Ji’Aire’s law resur­faces in leg­isla­tive pro­posal ses­sion

Busi­ness tax cred­its, col­lec­tive bar­gain­ing for res­cue work­ers among 18 items

Maryland Independent - - Front Page - By MICHAEL SYKES II msykes@somd­news.com

The Mary­land Gen­eral Assem­bly’s leg­isla­tive ses­sion is months away, but res­i­dents, rep­re­sen­ta­tives and gov­ern­ment of­fi­cials came out on Tues­day evening to pro­pose bills they would like to have sup­ported by the South­ern Mary­land Del­e­ga­tion.

Pre­sen­ters gave pre­sen­ta­tions to del­e­gates rep­re­sent­ing Charles County as well as the Charles County Board of Com­mis­sion­ers. There were 18 pro­pos­als in to­tal — some of which were tweaks from prior pieces of leg­is­la­tion from last year.

Among them were pro­pos­als for Ji’Aire’s law, which did not make it out of com­mit­tee in the pre­vi­ous leg­isla­tive ses­sion; a law au­tho­riz­ing col­lec­tive bar­gain­ing

for pub­lic safety of­fi­cers in the Charles County De­part­ment of Emer­gency Ser­vices; and a law au­tho­riz­ing the county to of­fer busi­ness tax cred­its.

Ji’Aire’s Law was pre­sented by Von­tasha Simms, the mother of Romechia Simms who was found push­ing her 3-year-old, Ji’Aire Lee, on a swing in La Plata af­ter he died.

Simms said her daugh­ter, Romechia, has an un­prece­dented case in the state of Mary­land and does not de­serve to be put in jail. Ji’Aire’s Law would al­low par­ents who are in a “men­tal cri­sis” to have a par­ent, guardian or close fam­ily mem­ber gain au­thor­ity to care for that per­son and any chil­dren they have.

De­spite not hav­ing suc­cess with the bill last year, Simms said, she is still go­ing through the men­tal health sys­tem and seek­ing help for her daugh­ter, who does not de­serve to be in jail.

“Although it may be too late for my grand­son, there are other peo­ple in this state that need help. There are other chil­dren who are dy­ing with men­tal ill­nesses and par­ents with men­tal ill­nesses,” Simms said.

Simms said Mary­land is one of four states with­out ad­e­quate men­tal ill­ness laws or help avail­able to peo­ple who need it. There is no longer “that stigma” to it, she said, and peo­ple who need help should re­ceive it. This bill would help them.

“They can main­tain a nor­mal life. They can func­tion in so­ci­ety,” Simms said. “The law, it died in com­mit­tee. But I’m still alive and well. I will be here.”

Along with Ji’Aire’s law, a pro­posal amend­ing the state la­bor pol­icy for emer­gency worker per­son­nel was pro­posed by Ryan De­gruy, pres­i­dent of the In­ter­na­tional As­so­ci­a­tion of Fire Fight­ers Lo­cal 4658.

The pro­posed amend­ments would ex­pand col­lec­tive bar­gain­ing ca­pa­bil­i­ties to all “full-time merit sys­tem em­ploy­ees whose pri­mary du­ties in­clude pro­vid­ing emer­gency med­i­cal ser­vices, fire op­er­a­tions and res­cue op­er­a­tions,” De­Gruy said, for the emer­gency ser­vices de­part­ment.

“We’re not try­ing to ask for the world with this, we’re just try­ing to ask for what is con­sid­ered by many [to be] a hu­man right,” he said.

Em­ploy­ees are searching for em­pow­er­ment, De­Gruy said, and th­ese amend­ments would do that. Charles County, emer­gency ser­vices’ em­ployer, he said, would only ben­e­fit from it.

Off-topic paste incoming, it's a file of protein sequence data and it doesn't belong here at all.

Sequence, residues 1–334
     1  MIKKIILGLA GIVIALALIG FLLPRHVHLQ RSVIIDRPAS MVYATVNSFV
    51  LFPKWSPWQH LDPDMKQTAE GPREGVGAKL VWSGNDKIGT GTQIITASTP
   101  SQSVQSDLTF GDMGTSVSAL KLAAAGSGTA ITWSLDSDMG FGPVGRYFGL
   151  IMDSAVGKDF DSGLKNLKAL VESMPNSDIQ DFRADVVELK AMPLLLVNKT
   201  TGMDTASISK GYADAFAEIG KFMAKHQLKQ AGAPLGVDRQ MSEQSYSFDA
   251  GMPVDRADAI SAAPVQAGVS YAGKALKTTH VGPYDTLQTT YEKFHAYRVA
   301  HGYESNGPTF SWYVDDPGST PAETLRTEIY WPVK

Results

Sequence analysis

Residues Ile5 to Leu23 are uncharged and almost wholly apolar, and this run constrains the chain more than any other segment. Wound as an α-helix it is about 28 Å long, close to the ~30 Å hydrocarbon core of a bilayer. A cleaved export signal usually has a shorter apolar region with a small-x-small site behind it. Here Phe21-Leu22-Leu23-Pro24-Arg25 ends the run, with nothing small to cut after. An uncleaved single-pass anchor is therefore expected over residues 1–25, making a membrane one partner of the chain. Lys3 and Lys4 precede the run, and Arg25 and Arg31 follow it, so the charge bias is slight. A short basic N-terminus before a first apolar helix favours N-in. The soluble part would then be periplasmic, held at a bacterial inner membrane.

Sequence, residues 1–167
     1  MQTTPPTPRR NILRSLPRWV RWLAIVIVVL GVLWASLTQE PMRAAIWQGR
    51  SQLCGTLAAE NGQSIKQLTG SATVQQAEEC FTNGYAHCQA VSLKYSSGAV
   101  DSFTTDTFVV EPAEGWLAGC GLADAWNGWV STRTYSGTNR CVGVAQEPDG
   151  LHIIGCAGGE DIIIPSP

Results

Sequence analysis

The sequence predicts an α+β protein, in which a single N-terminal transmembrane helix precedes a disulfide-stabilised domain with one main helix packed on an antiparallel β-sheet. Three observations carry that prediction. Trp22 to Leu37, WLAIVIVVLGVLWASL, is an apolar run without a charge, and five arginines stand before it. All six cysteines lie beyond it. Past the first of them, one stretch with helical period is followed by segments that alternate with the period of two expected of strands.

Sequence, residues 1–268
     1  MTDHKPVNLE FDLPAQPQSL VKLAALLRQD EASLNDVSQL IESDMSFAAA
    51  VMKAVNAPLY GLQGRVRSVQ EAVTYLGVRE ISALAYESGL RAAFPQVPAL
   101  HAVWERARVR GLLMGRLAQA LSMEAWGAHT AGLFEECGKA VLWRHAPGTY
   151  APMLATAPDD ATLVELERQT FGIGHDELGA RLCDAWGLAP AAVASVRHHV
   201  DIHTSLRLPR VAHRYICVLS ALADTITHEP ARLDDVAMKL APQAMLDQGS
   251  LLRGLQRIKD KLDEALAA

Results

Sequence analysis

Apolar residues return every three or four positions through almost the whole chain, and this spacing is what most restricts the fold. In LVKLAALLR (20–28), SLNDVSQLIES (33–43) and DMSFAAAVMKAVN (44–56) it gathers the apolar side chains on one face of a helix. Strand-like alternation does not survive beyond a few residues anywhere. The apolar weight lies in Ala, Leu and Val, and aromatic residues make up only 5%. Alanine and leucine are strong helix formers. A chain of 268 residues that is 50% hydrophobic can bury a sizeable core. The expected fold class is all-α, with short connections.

An­other piece the del­e­ga­tion may con­sider is grant­ing the Charles County Eco­nomic De­vel­op­ment de­part­ment the abil­ity to grant busi­nesses tax cred­its. Dar­rell Brown, the di­rec­tor of eco­nomic de­vel­op­ment for the county, pre­sented the bill along with Mar­cia Keeth, the deputy di­rec­tor.

Brown said the de­part­ment wants to cre­ate a “busi­ness tax in­cen­tive pro­gram” for cur­rent and prospec­tive busi­ness own­ers to at­tract more busi­nesses to Charles County.

The de­part­ment pre­vi­ously ex­plored putting a sys­tem in place with­out state help, Brown said, but the county at­tor­ney’s of­fice in­formed them they would need to seek au­tho­riza­tion from the state.

Keeth said the county is look­ing to cre­ate leg­is­la­tion giv­ing the county the op­por­tu­nity to cre­ate and im­ple­ment in­cen­tives at the county level for their busi­nesses. The leg­is­la­tion at the state level would sim­ply give them per­mis­sion as op­por­tu­ni­ties are iden­ti­fied.

There are al­ready tax in­cre­ment fi­nanc­ing pro­grams in place at the county level, which fi­nance projects and in­crease their real es­tate value. There is also a recor­da­tion tax avail­able as well, Keeth said.

Brown would like to do a tax sta­bi­liza­tion credit, which is used in other ju­ris­dic­tions, Keeth said. But it is un­clear how much of the ground­work on the credit would need to be done at the county and state lev­els.

The state’s de­part­ment of com­merce is go­ing through an “ex­ten­sive re­view,” Brown said, of its tax in­cen­tive pro­gram and will elim­i­nate some pro­grams that are not be­ing used or taken ad­van­tage of.

South­ern Mary­land Del­e­ga­tion Chair­woman and Charles County Del­e­gate Sally Jame­son (D-28) said the de­part­ment has “pushed hard” at the state level to en­sure the county has not been hin­dered by any changes from the state’s de­part­ment of com­merce.

“If the de­part­ment of com­merce does change and they have to come be­fore us, we will make sure that your con­cerns have been re­al­ized at that level,” Jame­son said.

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